There are those whose parents pounded Matthew 5:28 into their brains. And it’s certainly true that when we look lustfully at someone we are committing adultery with them in our hearts. But only pointing to this verse without pointing to how God created us, and without training on how to control one's lustful desires, many are left unsure of how to look at and enjoy their spouse's naked body.
Some have even gone so far as to intentionally marry someone they aren’t physically attracted to as to not commit the sin of lust. I don’t need to go on about how tragic this is.
Being Improperly Taught about Sex Can Lead to Sexual Trauma
All of these examples leave the mark of sexual trauma. You don’t have to be sexually abused to experience sexual trauma—the shame and isolation around sex is enough. And the reality is, sexual trauma doesn’t just affect a person’s view of sex.
It affects them mentally, physically, emotionally, and spiritually. Trauma fundamentally changes who we are and how we view God, the world, ourselves, and the opposite sex.
We are left with a sense of loss, anger, confusion, and grief.
I can’t touch on this topic and not mention those men and women who are victims of sexual abuse. I can’t think of a more forceful way to distort someone's view of sexual intimacy than to subject them to sexual abuse in their childhood.
Many children, out of fear and/or shame, never tell an adult about the sexual abuse that’s taken place. These children grow up carrying a tremendous burden and, because their innocence was taken from them, their view of sex is not only tainted, it’s distorted.
This podcast, entitled How Your Sex Life is Connected to Your Spiritual Life, talks about the Hebrew word, “shakab.” When this word is used in Old Testament Hebrew, it indicates a forced or violent sexual encounter.
When sex is taken out of the context that God intended for it, it becomes something else--something unholy. Something broken. But that isn’t the only way that sex can be.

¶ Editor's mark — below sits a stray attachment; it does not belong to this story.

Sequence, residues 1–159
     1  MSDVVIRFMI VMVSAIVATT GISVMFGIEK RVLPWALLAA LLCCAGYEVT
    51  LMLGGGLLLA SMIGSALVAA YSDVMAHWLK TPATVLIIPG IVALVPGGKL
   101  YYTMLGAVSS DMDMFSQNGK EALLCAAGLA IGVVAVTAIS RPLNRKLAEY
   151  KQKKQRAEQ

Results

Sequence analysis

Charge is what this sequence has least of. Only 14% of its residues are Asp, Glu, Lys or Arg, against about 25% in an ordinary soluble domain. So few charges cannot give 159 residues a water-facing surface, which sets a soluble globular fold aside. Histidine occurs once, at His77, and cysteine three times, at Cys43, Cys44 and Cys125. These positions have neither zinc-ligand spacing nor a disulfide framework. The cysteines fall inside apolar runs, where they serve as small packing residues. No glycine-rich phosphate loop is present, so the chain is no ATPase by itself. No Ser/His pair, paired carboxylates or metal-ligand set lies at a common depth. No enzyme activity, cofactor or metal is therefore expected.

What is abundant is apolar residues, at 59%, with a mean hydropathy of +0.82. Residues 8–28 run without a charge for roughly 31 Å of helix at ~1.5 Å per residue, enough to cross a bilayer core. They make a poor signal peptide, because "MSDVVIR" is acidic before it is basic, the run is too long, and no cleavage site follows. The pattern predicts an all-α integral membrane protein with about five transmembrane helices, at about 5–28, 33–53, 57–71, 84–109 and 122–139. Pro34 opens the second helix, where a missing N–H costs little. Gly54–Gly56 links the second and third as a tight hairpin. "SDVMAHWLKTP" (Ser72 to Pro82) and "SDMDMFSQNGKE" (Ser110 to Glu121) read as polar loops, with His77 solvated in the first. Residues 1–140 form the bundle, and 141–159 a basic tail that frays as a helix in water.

The Motivation behind Purity
When I think about my parents, and even how I parented my own children, I realize how much we train children by teaching them the fear of consequences.
For instance, we tell our kids, “Don’t touch that, it’s hot, you’ll get burned!”, “Don’t get too close to the edge, you’ll fall off!”, “You don’t know how deep the water is, don’t dive in!” In general, parents are terrified of their children getting injured.
And as our children grow up, we’re terrified of them making the same mistakes we made and falling into the same sin struggles we’ve fallen into. So it almost seems instinctive for a parent to focus on the negatives of sex to scare their children into submission and to keep them from sin.
We must remember that, for better or worse, our parents are (at least for a season) the most influential people in our lives. And they, like everyone else, tend to be fueled, not only by fear, but also by shame.
Sadly, shame distorts parenting.
Parents feel the shame of their own sinful pasts and they fear the shame of their children's potential sin. Fear and shame can cause some parents to trivialize sin, while it drives others to put that fear and shame on their children and usually in inappropriate, damaging ways.
According to the Bible, the consequences of sexual sin are serious, and long-lasting. Generations of people can be affected by one person’s sexual sin. We can’t blame our parents for wanting to keep us from that.
The problem is, we were only given part of the whole. Yes, we needed our parents to warn us of the consequences of sexual sin, and we needed our parents to teach us about modesty, temptation and lust.
But we also needed them to tell us of the wondrous gift the Lord gave us in sexual intimacy, and to point our heart’s desire to be pure for our holy God.